disinheritance


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dis·in·her·it

 (dĭs′ĭn-hĕr′ĭt)
tr.v. dis·in·her·it·ed, dis·in·her·it·ing, dis·in·her·its
1. To exclude from inheritance or the right to inherit.
2. To deprive of a natural or established right or privilege.

dis′in·her′i·tance n.
ThesaurusAntonymsRelated WordsSynonymsLegend:
Noun1.disinheritance - the act by a donor that terminates the right of a person to inherit
discontinuance, discontinuation - the act of discontinuing or breaking off; an interruption (temporary or permanent)
Translations
vydědění

disinheritance

nEnterbung f
References in classic literature ?
They had only remembered certain threats of disinheritance uttered a year or two previously by the uncle (who had no living relative except the nephew), and they had, therefore, always looked upon this disinheritance as a matter that was settled -- so single-minded a race of beings were the Rattleburghers; but the remark of "Old Charley" brought them at once to a consideration of this point, and thus gave them to see the possibility of the threats having been nothing more than a threat.
An inability to have a child or to become pregnant can result in significant isolation, disinheritance or assaults; this often results in divorce or physical and psychological violence.
Laura survived four siblings who died in childhood, and took on her parents' Bodnant estate following the disinheritance of her remaining brother (after his 'unsuitable' marriage and a scandalous court case.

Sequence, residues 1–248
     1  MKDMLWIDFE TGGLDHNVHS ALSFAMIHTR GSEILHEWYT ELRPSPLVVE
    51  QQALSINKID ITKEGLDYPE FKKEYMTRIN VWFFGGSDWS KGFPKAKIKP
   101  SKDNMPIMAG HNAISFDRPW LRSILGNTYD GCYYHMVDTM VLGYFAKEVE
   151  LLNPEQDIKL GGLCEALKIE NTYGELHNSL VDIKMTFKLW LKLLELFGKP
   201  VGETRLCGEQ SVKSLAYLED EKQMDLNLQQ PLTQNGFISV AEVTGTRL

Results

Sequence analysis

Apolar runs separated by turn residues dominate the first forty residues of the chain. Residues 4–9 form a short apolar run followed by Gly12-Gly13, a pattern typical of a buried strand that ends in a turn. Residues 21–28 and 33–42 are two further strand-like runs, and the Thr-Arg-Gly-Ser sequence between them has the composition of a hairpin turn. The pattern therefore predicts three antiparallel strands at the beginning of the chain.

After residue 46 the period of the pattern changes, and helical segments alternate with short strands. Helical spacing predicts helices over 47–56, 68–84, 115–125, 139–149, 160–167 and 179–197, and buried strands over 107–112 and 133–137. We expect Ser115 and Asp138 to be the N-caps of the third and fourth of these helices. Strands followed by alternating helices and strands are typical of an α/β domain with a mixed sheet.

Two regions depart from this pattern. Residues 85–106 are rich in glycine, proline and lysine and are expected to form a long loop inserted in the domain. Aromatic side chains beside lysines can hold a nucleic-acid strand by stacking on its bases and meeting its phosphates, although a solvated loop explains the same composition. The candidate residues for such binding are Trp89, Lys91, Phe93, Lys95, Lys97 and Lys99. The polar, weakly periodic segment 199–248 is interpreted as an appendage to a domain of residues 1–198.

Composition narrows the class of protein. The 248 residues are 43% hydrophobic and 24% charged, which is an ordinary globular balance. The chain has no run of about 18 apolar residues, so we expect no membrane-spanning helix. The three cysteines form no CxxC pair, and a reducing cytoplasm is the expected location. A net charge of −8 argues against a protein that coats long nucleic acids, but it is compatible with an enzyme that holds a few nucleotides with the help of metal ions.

His compulsory heir cannot be deprived of her share in the estate save by disinheritance as prescribed by law.
He is unable to use the threat of disinheritance to force Corinne to distance herself from the black people of Jamaica and to obey his wishes.
Concrete Playground presents a timely exploration of home, class, disinheritance and gentrification, inspired by Anton Chekhov's seminal The Cherry Orchard.
Fifty years of bloodshed, abuse, disinheritance and sadism?
All heritage is someone's heritage and therefore logically not someone else's: the original meaning of an inheritance [from which "heritage" derives] implies the existence of disinheritance and by extension any creation of heritage from the past disinherits someone completely or partially, actively or potentially.
Originally, the character Lear operates only on the level of the "cruel earth" or natural world, believing in a materialistic view of "nothing" and "something" as merely physical states arising from predictable physical causes, as he threatens Cordelia that "nothing will come of nothing," and that she and her disinheritance come of her ingratitude just as oaks come from acorns (1.
He emphasized the need to consolidate international efforts in the fight against these phenomena; and for that effort to go beyond security and military actions and address political, social economic, cultural and humanitarian context; as well as the conditions of disinheritance, despair and exploitation.
Although disinheritance clauses may appear to be a simple solution, in terrorem clauses have fewer limitations.
It is an age when interracial relationships are not only misunderstood, but result in family conflict, disgrace, and disinheritance.